3 Min Read
SAN FRANCISCO (Reuters) - The California Supreme Court dealt a blow to the state's faltering medical-marijuana industry on Monday by ruling that local governments may outlaw dispensaries that sell the federally banned drug.
The unanimous opinion, which comes as elected officials across the nation grapple with regulating a growing medical pot industry, upheld a ban the southern California city of Riverside enacted on pot shops in 2010.
California's highest court concluded that nothing in California law preempts the authority of the state's cities and counties from using their authority to "allow, restrict, limit, or entirely exclude facilities that distribute medical marijuana."
The case pitted Riverside against the Inland Empire Patients Health and Wellness Center, a medical-pot dispensary it has sought to shut down. The decision allows the city to use its power to shutter all marijuana stores.
California became the first state in the nation to approve medical marijuana 17 years ago, but some residents have complained that pot stores blight their neighborhoods. Court papers show more than 180 California cities and counties have imposed bans on marijuana dispensaries.
The seven justices agreed with Jeffrey Dunn, the city of Riverside's attorney, who argued in oral arguments on the case in February that California legislation on medical pot in no way diluted local governments' ability to regulate land use.
The dispensary's attorney, J. David Nick, had argued that a 2003 law setting out rules governing medicinal pot, as well as subsequent amendments, directed municipalities to regulate, not prohibit, dispensaries.
In Monday's decision, the justices described state laws as "incremental steps toward freer access to medical marijuana." But they said the law did not "mandate that local jurisdictions permit such activities."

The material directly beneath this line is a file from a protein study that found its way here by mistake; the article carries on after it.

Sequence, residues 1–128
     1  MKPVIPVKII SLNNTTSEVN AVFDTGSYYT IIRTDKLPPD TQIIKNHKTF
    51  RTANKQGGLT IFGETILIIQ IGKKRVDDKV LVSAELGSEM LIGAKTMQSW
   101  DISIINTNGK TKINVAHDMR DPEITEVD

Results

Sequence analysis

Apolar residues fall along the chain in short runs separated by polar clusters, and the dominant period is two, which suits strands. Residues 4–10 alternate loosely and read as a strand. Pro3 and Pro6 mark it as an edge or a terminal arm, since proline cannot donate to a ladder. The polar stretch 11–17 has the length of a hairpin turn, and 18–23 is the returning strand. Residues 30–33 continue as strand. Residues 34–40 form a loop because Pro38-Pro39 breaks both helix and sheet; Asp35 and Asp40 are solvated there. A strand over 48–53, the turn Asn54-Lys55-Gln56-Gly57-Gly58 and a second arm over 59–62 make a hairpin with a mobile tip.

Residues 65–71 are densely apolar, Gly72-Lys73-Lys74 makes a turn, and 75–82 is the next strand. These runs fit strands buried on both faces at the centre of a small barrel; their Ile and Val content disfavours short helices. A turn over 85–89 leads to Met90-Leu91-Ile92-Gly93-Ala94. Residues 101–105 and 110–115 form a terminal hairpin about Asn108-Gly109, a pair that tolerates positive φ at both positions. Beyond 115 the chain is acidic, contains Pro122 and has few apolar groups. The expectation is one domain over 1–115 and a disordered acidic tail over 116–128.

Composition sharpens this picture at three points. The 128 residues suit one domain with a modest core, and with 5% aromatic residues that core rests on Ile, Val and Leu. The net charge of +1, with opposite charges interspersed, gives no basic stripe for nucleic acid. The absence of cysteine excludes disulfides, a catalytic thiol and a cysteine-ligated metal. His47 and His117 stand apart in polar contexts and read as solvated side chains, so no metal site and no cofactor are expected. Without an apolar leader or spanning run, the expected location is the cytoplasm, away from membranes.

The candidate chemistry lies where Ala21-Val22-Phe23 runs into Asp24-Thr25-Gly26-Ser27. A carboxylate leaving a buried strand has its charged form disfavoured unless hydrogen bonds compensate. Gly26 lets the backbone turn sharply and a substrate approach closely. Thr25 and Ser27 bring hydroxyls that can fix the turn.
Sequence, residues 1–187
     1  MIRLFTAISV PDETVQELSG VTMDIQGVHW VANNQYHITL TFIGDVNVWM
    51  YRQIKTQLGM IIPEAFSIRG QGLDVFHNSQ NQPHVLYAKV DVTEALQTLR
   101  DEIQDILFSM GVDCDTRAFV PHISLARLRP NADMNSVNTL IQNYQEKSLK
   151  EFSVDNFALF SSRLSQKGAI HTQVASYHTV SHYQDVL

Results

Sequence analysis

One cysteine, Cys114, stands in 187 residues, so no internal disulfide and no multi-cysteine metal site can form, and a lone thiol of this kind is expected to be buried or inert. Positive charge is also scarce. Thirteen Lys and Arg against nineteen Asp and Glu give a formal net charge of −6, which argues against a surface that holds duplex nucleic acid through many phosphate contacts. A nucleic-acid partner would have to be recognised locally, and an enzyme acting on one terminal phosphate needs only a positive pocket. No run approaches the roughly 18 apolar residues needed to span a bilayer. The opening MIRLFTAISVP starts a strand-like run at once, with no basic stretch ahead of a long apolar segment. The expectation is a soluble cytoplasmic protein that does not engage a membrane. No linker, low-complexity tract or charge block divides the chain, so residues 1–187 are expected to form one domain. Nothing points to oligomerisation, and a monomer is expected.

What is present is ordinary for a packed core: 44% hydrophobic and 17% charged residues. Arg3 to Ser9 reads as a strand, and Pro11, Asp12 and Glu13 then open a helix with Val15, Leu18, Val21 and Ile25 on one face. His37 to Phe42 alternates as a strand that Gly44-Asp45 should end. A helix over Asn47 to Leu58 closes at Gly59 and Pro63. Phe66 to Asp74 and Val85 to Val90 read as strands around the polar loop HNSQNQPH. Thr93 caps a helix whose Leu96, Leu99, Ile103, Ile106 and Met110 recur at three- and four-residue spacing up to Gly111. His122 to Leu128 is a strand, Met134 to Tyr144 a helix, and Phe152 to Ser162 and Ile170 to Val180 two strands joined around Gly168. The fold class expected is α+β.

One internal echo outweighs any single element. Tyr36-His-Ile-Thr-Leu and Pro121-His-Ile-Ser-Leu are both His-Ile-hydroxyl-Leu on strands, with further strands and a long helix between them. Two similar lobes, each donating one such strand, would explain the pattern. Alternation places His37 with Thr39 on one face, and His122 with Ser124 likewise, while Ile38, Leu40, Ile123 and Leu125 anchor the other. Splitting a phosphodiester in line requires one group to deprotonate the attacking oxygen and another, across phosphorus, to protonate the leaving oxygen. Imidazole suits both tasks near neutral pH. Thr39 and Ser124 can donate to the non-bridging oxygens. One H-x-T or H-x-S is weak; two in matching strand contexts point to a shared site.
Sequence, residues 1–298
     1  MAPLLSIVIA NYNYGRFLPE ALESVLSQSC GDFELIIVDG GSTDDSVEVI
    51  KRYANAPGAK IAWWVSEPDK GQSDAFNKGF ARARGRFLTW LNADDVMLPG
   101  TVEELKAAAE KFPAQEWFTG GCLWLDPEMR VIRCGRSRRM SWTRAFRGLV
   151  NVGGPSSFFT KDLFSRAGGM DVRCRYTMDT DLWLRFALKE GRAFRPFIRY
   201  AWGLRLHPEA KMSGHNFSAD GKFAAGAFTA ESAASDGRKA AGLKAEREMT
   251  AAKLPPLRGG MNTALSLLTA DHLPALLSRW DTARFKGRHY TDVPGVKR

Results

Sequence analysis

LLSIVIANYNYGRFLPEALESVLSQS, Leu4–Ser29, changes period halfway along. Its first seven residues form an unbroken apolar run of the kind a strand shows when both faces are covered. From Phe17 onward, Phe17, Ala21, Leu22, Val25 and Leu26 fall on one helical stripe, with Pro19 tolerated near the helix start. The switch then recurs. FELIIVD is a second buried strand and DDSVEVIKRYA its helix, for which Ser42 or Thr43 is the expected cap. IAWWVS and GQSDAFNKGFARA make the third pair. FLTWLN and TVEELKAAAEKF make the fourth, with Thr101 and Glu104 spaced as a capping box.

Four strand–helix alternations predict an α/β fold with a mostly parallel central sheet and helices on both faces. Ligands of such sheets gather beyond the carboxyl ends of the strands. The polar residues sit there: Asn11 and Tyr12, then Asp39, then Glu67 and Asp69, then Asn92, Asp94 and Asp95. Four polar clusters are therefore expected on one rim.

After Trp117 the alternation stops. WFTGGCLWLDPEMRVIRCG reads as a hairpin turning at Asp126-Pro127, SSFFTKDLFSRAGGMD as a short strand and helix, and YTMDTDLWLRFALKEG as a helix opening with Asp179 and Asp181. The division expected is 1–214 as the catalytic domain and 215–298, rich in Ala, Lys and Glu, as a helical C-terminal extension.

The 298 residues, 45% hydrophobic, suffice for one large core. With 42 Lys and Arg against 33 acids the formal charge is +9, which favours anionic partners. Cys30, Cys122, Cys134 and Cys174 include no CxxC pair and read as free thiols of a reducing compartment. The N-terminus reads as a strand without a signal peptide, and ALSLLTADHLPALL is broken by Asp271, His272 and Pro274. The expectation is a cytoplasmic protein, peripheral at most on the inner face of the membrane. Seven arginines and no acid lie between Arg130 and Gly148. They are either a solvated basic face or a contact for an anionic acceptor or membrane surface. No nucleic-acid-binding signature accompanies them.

The District of Columbia and 18 states currently allow pot as medicine. Washington state and Colorado legalized it for recreational use in November, though federal law continues to classify cannabis as an illegal narcotic.
The conflicting state and federal laws have set up confrontations in some states that allow medical marijuana. U.S. prosecutors in California began using civil-forfeiture laws last year to threaten to seize properties in which dispensaries operate, forcing scores of evictions and dispensary shutdowns.
After the federal government cracked down on the world's largest dispensary, the city of Oakland sued the government in an effort to allow Harborside Health Center to continue selling marijuana to its 100,000 patients.
Steve DeAngelo, director of Harborside, bemoaned Monday's ruling. "The court's decision will force patients to obtain cannabis from gangs and cartels instead of from licensed dispensaries, needlessly exposing those patients, and the communities they live in, to potential harm," he said.
Editing by Cynthia Johnston; Editing by Richard Chang